Sleuthing

case 1.indd

Sleuthing

There’s a Clue in the Leaning Chimney and a Password to Larkspur Lane,
and no one will ever discover them without me, that is plain.
I’d love to go a-sleuthing, my sidekicks at my side—
George Fayne, who is so boyish and Bess Marvin who’s so wide.

Together we’d read diaries and find each hidden clue,
‘cause no one else but us has ever known quite what to do
with broken lockets, attics, tolling bells or hollow oaks;
for non-teenage detectives seem to come off like bad jokes.

They may have had the clues but never seemed to solve the crime—
these matters just too difficult for searchers in their prime.
I’d hop in my blue roadster with a picnic box from Hannah
and somehow I would wind up in Wyoming or Montana.

Interviewing cowboys is the way I’d have my fun,
returning to Ned Nickerson when all of this was done.
I don’t have other fantasies of being Peter Pan
or Goldilocks, Rapunzel, Cathy or Superman.

Those fairy tales and comic books and novels are unreal.
I’d have to be like Nancy—a character who’s real!
The only mystery I can’t solve of all her mysteries seen
is how I’ve gotten so damn old while she remains sixteen!

The Prompt: Fictional Intruder—Go down the rabbit hole with Alice; play quidditch with Harry Potter; float down the river with Huck Fin. . .If you coud choose three fictional events or adventures to experience yourself, what would they be?

6 thoughts on “Sleuthing

  1. Patti

    Oh how I’d love to be 10 for a day and experience the thrill of a new Nancy Drew book. Thanks for bringing back the memories.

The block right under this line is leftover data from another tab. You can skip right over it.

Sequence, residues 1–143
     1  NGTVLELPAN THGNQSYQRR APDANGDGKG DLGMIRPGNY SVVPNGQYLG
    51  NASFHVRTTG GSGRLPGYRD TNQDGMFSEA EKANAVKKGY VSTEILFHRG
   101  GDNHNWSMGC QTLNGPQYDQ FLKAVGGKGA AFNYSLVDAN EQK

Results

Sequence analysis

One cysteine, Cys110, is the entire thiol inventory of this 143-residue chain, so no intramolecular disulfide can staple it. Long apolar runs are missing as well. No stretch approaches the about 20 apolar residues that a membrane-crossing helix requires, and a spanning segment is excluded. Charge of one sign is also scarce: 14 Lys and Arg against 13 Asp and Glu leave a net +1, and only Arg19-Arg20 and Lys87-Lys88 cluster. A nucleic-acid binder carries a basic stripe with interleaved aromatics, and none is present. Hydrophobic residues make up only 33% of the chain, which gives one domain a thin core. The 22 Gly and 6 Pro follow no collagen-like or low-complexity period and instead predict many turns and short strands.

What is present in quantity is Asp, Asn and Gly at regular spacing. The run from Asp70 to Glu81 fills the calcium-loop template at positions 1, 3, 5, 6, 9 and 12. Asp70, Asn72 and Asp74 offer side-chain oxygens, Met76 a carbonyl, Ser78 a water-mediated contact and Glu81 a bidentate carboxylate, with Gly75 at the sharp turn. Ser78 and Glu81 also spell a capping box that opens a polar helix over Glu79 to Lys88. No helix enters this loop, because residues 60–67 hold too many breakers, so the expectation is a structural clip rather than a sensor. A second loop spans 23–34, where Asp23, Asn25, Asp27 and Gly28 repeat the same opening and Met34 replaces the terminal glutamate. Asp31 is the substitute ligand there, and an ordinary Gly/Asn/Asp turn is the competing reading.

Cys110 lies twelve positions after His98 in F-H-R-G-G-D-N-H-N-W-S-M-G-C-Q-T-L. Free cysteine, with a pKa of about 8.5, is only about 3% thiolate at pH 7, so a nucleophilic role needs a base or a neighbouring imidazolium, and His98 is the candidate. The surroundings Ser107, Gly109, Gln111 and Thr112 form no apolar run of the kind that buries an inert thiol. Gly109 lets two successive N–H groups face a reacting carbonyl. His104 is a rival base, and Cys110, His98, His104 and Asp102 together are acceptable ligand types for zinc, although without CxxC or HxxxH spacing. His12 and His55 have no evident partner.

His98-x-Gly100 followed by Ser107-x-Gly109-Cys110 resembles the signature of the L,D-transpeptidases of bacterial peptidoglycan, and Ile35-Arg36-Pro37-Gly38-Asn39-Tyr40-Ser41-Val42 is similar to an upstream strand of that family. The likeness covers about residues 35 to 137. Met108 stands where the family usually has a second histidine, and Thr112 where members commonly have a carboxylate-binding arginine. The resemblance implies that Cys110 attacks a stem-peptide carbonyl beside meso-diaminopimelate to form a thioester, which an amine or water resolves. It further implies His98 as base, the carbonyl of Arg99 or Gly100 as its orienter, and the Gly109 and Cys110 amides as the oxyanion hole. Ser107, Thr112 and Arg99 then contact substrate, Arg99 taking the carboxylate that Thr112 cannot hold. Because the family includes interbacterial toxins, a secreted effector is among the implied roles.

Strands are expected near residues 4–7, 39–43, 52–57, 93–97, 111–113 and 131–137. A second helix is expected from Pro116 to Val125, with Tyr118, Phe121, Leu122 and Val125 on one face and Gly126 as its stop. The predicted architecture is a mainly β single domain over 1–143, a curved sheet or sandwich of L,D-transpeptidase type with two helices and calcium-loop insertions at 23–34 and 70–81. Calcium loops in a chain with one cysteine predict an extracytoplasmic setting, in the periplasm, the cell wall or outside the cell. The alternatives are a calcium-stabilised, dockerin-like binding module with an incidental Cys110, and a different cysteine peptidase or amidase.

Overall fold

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  2. grieflessons Post author

    I know. I thought the same thing. Somehow those books drew me in as few others have since. They seemed so exotic and scary. When I had my hysterectomy, they put me in the kiddies wing and I went to their library. I tried reading a Nancy Drew book and it was so boring. Don’t ever try to read them again. Most of the fantasy and wonder was in your own head.

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  3. Allenda Moriarty

    I have never tried to “go back”, but when I discovered Nancy Drew in 4th grade, I was absolutely enraptured. Fortunately, the girl across the street, a few years older than I, had a whole collection and was willing to loan them since she wasn’t reading them anymore. I was voracious.

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  4. grieflessons Post author

    I had two older sisters, so I had all the older ones. When new ones were issued, I’d use my weekly allowance to go buy one at a store in Pierre, S.D. that also sold Madame Alexander dolls. They were $1 each. I believe I also got a Cissette doll for Xmas that my mom spied while waiting for me to buy my book!!!! I just this second remembered that!

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  5. okcforgottenman

    I read every teenage-detective novel I could find growing up – Hardy Boys, Nancy Drew, even a one-off featuring a ficticious Annette Funicello. But my favorite was always Trixie Belden. Yes, I had a crush on her. Ah, those golden curls! (Hmmm – I just realized that when Trix grew up, she might look very much like Judy/Remi. Intriguing.)

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  6. Pingback: Night Fantasies and Other Reading Pleasures | lifelessons – a blog by Judy Dykstra-Brown

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